By Chad Allen
My exploration of pole dancing began almost two years ago following a 20 year plus professional dance background as a performer and now choreographer. Pole dance was something I was always intrigued and intimidated by. Dancing for the purpose of expressing sensuality, sexuality and eroticism was something I could hardly imagine a person could feel free enough to do. I assumed this was largely a bias coming from my dance background where technique and correctness were synonymous and using dance and eroticism in the same sentence was a different kind of professional. Now I'm not so certain it was my dance background that I had to overcome, but more an insecurity as a man, that made pole and sensual dance so intimidating.
As a student of a studio that embraces men in pole classes I have to say I have never been anything but supported both in my desire to be in class and my presence in class. I do make a specific point to introduce myself to all the women so that they know that I am there in support of their own journey. The studio environment, staff and client, is extremely friendly and extremely supportive. What I have come to observe and I offer here is a subconscious expectation of men, or possibly a lack thereof.
The journey of breaking through the fears of being, and being seen as, sensual, erotic, beautiful and powerful may be a consideration for women that is not quite appreciated for men. Men are afraid of exposure too. It seems women almost expect men to be strong. We're given permission to excel at tricks faster than women but I've noticed that women are less intrigued or sensitive to the journey of men when it comes to the eroticism of the dance as they might another woman. And maybe this is where we are all the most afraid, women and men alike. I suspect it's the greater discomfort for everyone in the room. We can watch someone struggle with a shoulder mount much more than we can watch them struggle with finding their own sensuality. But I wonder what is being lost when we don't.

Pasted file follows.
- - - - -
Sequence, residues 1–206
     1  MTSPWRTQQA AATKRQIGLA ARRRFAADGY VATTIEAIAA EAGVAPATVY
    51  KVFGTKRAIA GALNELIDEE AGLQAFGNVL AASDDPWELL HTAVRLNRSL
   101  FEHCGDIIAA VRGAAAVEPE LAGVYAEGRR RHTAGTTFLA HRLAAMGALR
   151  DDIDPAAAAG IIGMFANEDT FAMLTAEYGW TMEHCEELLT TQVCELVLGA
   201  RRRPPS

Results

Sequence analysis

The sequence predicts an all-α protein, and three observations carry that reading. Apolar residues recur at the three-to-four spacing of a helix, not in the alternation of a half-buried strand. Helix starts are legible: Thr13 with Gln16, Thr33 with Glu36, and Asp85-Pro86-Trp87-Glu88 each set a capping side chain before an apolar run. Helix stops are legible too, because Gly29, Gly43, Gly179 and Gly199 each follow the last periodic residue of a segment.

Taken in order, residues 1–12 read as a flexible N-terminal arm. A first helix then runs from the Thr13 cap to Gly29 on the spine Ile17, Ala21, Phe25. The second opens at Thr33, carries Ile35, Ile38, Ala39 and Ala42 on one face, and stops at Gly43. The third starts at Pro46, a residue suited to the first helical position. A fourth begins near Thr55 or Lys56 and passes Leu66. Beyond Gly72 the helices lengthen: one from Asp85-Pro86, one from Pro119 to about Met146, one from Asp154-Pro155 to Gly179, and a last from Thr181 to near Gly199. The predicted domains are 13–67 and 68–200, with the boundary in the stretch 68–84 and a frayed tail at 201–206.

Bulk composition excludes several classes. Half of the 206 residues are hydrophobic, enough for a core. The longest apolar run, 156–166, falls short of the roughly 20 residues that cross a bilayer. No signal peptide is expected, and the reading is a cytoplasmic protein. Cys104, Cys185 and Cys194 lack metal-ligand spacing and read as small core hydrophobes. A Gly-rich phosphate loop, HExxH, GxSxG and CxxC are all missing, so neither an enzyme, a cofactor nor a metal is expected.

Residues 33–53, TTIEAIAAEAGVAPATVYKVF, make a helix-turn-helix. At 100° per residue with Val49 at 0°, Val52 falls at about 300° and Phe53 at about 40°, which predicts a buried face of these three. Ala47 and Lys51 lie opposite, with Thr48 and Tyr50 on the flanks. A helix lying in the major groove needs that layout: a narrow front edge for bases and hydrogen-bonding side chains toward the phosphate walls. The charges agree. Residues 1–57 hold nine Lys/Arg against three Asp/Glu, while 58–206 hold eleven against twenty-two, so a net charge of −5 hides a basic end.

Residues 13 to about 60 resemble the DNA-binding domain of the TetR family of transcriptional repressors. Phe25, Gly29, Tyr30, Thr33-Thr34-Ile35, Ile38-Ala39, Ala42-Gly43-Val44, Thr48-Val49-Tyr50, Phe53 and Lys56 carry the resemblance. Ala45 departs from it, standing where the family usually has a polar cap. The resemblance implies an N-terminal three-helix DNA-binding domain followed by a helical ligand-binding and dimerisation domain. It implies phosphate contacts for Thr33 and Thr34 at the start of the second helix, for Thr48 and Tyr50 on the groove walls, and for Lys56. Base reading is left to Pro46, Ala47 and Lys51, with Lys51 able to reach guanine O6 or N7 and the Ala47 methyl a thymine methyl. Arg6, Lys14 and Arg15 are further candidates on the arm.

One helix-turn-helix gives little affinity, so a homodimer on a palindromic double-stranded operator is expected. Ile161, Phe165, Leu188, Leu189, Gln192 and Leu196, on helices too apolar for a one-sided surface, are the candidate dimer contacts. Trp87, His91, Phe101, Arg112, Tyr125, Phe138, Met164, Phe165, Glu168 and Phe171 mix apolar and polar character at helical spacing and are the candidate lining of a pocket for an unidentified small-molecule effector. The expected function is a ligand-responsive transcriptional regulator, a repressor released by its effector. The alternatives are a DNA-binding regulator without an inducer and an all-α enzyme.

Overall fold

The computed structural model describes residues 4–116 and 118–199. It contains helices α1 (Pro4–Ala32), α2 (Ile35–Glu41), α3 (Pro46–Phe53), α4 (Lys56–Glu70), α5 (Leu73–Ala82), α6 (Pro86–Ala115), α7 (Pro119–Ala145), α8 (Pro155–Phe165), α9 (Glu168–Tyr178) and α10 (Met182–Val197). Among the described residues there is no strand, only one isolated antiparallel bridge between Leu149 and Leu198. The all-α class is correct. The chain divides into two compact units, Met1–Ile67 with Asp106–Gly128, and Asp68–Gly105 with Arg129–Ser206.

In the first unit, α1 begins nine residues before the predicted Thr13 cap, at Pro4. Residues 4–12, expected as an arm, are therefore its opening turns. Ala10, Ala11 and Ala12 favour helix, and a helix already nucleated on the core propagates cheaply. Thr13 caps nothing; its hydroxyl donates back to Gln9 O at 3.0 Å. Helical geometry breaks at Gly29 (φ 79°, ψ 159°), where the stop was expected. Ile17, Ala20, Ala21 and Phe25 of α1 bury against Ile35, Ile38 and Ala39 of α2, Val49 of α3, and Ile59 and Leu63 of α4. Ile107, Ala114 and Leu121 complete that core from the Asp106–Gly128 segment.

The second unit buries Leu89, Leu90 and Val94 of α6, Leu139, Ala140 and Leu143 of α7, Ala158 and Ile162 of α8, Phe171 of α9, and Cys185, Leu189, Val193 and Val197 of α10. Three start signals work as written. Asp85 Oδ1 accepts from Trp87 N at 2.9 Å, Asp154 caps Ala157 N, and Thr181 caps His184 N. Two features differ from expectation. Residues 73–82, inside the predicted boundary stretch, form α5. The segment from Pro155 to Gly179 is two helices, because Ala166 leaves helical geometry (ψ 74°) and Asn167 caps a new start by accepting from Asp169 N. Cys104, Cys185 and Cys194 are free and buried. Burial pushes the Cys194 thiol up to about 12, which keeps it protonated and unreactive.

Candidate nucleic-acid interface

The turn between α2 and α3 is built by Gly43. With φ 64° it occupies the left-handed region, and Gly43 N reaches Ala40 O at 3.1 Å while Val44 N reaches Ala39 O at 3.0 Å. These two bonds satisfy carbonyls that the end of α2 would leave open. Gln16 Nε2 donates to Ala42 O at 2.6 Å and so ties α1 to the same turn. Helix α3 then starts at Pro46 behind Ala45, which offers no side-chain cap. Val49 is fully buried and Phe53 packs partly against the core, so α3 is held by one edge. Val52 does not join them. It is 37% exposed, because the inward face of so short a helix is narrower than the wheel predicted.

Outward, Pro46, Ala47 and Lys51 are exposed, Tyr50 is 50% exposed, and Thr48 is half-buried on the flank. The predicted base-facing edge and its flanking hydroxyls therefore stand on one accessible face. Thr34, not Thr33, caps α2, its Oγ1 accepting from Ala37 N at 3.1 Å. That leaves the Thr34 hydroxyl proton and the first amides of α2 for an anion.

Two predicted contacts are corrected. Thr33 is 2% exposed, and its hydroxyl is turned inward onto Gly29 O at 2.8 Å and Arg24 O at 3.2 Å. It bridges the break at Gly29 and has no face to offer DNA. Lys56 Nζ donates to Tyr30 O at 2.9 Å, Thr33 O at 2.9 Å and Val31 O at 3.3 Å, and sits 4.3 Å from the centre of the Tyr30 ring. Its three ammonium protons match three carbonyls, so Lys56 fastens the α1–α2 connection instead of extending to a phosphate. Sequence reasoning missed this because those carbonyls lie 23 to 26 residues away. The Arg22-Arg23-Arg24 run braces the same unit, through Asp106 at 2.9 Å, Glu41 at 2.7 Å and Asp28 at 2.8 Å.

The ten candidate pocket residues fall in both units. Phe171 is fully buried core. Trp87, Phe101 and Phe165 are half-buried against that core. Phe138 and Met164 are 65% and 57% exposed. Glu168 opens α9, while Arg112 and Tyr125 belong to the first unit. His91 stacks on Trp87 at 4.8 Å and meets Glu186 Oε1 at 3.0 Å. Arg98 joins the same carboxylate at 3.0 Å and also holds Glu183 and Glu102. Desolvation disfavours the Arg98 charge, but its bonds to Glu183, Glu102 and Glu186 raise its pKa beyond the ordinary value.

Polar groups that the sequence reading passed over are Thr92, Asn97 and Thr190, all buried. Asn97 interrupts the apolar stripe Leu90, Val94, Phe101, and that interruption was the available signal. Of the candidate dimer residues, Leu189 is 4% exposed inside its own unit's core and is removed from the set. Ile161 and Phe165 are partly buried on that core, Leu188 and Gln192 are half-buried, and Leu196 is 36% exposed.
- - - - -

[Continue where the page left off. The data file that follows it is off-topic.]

I can say men, including myself, use strength not because it's so natural but as a distraction from our own fears, especially our fear of "is this sexy?" or "am I sexy?" I've seen many male pole dancers scale a pole about as sexy as the cable man and people still applaud the trick where I am quite confident the same forgiveness would not be given to a female pole dancer. I have definitely heard it being instructed in class by our amazing teachers; it's not simply about getting to top of the pole, it's how you get there. I do think women really do want a man to climb to the top of the pole with sexy sensual deliberation, but maybe they are afraid to expect it. And men, like women, are just scared to be bad at it.
I am so grateful that I have been allowed to explore these questions for myself in an environment where I think everyone really does care, but we may still be trying to figure out how to articulate it. At the end of the day, when I leave pole class, I am most fulfilled by the feeling that I have made myself present to other people's journeys and that, like me, it isn't only about the trick and skills. Being exposed to a room of people and not shrinking in the corner when you don't necessarily feel terribly sexy that day is an accomplishment that I think has bigger value than a trick, or the workout, or the calorie burn. I get to express being a man in ways the outside world might not embrace. Just like my fellow female dancers.
You can find Chad in Los Angeles at The Xcceleration Station
Gender, Men & The Art Of Pole: There’s a man in my pole class.
This post is part of our entry for the “Pole Dancing Bloggers Association” Feb Blog Hop on Pole Dancing & Men
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